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"Maso máš?"

Translation:Do you have meat?

September 10, 2017

16 Comments


https://www.duolingo.com/profile/DevilInThe

can you switch it and also say "mas maso"?


https://www.duolingo.com/profile/MilaOurednik

Yes, it's more common... "Maso máš?" It would be used for shopping list - and what about meat? Do you have some?


https://www.duolingo.com/profile/BrianG1941

I see I am marked wrong for translating this as 'have you meat' rather than 'have you got meat'. As a UK English speaker I was always taught never use 'got' in this context.. This is poor English. Any comments?


https://www.duolingo.com/profile/VladaFu

Funny. We were always taught at schools to use "have you got" for Brittish English and our teachers do not like "have you" at all. This course tries to accept it but we can miss it sometimes as we are not that much used to use it.


https://www.duolingo.com/profile/kurzeme

It just seems to me sometimes people are afraid to use certain unpopular linguistic structures. By the way, isn't it rather archaic to say "have you sth"?


https://www.duolingo.com/profile/fecohy

In standard english I'm certain barely anyone uses it at all, even though it used to be the 'proper' form.


https://www.duolingo.com/profile/garpike

Have you any evidence to support that claim?
I hear it all the time.


https://www.duolingo.com/profile/LeviMuziko

Have you something is more of an old way of speaking


https://www.duolingo.com/profile/PavelBerne5

I´m czech. How difference is among "do you have meat?" and "have you got meat?"

Thank you.


https://www.duolingo.com/profile/ion1122

In US English:
1. "Do you have meat" = "Are you in posession of meat."
2. "Have you gotten meat" = "Have you obtained meat."
3. "Have you got meat" could mean either of the above. But it is better (i.e., simpler, more elegant) to use 1 if that is what you mean. Certainly in writing you should use 1 rather than 3.


https://www.duolingo.com/profile/pma4w89A

US English likes to use 'any' with it a lot. Do you have any meat. It's not usual to say obtained regarding groceries. You obtain a degree, a skill, "certain information about this person", but not, we obtained food. We 'picked up some food, some apples, some milk'. I think ion is using obtained just to make the grammatical point. In my life I have never heard or said, Hey mom did you obtain meat from the store, did you obtain roast, hotdogs, drinks or anything else. Hope that helps your English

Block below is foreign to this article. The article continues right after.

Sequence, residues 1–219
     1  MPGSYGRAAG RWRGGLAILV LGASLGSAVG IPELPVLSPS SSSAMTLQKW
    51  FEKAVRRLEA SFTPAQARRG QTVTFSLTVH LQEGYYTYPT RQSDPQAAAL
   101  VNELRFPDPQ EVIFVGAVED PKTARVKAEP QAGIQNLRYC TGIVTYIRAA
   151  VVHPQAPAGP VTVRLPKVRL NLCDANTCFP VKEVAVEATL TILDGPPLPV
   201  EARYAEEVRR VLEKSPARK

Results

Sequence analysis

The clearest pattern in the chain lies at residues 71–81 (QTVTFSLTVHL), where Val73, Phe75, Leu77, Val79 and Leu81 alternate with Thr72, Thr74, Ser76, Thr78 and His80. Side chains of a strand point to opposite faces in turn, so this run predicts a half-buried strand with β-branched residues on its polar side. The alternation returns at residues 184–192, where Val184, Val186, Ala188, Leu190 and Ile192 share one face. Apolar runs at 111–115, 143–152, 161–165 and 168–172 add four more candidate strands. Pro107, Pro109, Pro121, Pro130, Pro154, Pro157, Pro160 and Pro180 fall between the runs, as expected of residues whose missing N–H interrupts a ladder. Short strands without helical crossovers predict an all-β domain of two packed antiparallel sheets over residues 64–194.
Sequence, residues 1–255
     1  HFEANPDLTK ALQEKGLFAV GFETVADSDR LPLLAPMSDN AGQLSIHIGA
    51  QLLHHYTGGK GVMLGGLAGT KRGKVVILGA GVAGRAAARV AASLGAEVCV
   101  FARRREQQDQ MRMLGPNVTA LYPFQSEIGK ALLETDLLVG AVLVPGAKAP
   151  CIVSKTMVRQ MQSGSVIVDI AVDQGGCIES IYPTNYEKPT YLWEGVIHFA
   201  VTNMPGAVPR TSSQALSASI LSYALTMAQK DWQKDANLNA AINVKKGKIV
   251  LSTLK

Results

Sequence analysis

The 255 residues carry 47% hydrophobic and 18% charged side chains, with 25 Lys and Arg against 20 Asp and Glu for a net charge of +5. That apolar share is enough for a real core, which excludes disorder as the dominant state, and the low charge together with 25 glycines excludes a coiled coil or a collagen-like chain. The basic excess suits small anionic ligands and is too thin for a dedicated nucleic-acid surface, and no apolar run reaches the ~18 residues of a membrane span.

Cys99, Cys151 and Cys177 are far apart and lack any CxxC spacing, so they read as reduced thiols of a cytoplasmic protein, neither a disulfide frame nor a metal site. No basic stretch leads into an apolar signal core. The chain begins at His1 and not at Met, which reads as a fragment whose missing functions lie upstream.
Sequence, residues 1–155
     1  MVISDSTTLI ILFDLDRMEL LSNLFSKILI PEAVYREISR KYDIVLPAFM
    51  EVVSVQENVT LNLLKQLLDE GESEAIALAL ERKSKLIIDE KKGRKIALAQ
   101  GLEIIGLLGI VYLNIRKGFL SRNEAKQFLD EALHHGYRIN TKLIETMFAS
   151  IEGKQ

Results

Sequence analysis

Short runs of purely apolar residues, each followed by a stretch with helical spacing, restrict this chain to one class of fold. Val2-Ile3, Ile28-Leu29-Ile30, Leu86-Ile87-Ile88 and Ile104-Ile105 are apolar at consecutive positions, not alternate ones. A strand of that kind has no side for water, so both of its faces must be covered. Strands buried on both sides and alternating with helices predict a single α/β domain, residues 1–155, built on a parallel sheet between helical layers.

https://www.duolingo.com/profile/garpike

There is no difference whatsoever in the context of this sentence. The latter could also be used to mean 'did you get meat?' (although in the US they would probably use 'gotten' instead).


https://www.duolingo.com/profile/Zakxon
  • 1213

I'm a native U.S. and Canadian English speaker and "gotten" isn't a word I hear used often in major cities on the northwestern coast of North America. It's generally considered bad English. Instead, we use alternatives like "received" or "picked up" or "arrived" (e.g., "We haven't arrived" vs. "We haven't gotten there"). Like many words in English, this probably comes down to regional differences.


https://www.duolingo.com/profile/pma4w89A

Both, depending. did you get meat, did you get the meat darling? is very normal and so is I had gotten it before you texted me. Gotten is usually further past than got. So ... Yes, I got the meat could be any time in the past, maybe it's an old argument from 5 years ago you can still say No I got the meat, but when you say gotten it is used with the helping verb 'had' which using it that way, I had gotten the meat first like you said!, adds a lot of emphasis to it. But bad English would be to said "I had got (some) meat" and would be like a colloquialism that is improper but used and understood by certain people.


https://www.duolingo.com/profile/Mark219887

Do you have meat? Is a question you could ask eg at a dining table when serving. But another version, enquiring if someone has meat could be "do you have any meat?" How would that translate?

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